Most physicians do not routinely screen for – or assess – suicide risk in older patients, even if treating them for depression. While receiving medical care, 73 percent of elderly patients who die by suicide saw their physicians within the past month, and of these 50 percent saw them within the past week. Some die on the same or next day after the visit, and not infrequently by overdosing on the medication prescribed.
These last contact visits are windows of opportunity for intervention, and national organizations have repeatedly recommended physicians secure training in detecting and assessing suicide risk. To date, most have not, even though research shows that such training lowers suicide rates, sometimes dramatically.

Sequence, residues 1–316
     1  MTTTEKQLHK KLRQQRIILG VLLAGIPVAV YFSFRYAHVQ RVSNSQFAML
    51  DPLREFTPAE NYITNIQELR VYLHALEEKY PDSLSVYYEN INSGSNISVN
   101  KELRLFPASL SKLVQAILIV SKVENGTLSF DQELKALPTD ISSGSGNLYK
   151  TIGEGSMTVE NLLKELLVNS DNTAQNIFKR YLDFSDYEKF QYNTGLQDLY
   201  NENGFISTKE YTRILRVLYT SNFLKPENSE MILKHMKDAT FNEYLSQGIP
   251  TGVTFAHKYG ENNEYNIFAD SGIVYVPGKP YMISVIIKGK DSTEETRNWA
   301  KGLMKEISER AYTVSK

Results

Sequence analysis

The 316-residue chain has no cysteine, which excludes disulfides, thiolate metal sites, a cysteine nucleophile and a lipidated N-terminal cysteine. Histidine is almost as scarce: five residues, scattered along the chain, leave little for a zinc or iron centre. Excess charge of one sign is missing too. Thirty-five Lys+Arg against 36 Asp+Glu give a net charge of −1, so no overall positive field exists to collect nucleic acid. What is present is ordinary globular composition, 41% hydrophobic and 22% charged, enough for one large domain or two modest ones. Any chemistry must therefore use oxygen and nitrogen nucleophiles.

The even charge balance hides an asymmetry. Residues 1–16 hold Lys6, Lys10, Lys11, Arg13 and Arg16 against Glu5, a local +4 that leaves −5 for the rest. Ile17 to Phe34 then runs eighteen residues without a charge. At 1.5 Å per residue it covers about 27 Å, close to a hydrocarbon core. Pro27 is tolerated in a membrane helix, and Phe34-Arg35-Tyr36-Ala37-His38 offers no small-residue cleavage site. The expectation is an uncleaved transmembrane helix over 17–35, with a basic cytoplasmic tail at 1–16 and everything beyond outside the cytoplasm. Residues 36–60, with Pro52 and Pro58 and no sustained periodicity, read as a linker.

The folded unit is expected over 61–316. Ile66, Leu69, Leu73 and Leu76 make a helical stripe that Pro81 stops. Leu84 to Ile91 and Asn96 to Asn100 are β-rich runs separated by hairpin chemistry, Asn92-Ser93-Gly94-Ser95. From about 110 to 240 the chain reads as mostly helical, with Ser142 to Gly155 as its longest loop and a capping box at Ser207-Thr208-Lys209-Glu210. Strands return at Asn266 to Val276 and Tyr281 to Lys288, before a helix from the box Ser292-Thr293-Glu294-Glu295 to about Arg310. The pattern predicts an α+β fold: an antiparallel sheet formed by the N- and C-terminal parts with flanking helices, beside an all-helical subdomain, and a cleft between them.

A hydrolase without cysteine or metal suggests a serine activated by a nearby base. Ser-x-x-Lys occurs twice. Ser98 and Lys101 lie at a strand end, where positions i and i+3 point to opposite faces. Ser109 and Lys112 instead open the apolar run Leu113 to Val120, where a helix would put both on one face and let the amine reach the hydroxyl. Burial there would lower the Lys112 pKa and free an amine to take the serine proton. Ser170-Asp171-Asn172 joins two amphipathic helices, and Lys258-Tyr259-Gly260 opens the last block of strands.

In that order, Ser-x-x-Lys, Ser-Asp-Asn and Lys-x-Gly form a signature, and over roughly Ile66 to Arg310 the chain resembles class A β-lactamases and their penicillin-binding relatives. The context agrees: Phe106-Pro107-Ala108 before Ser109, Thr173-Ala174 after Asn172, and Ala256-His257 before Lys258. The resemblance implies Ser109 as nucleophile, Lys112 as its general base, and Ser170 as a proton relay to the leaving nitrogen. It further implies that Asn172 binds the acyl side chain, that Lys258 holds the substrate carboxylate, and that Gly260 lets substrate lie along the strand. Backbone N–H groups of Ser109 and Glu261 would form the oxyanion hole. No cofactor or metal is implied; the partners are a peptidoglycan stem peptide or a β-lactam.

To keep your depressed loved one safe, ask frankly about suicide and, if desire and intent to be dead are present, share this finding with your loved one’s doctor. Call, write, or, better yet, go with your loved one to the doctor and tell him or her in person what you’ve learned.
Not sure how the doctor will respond? Call Elder Services for advice at (509) 458-7450.
Paul Quinnett, Ph.D.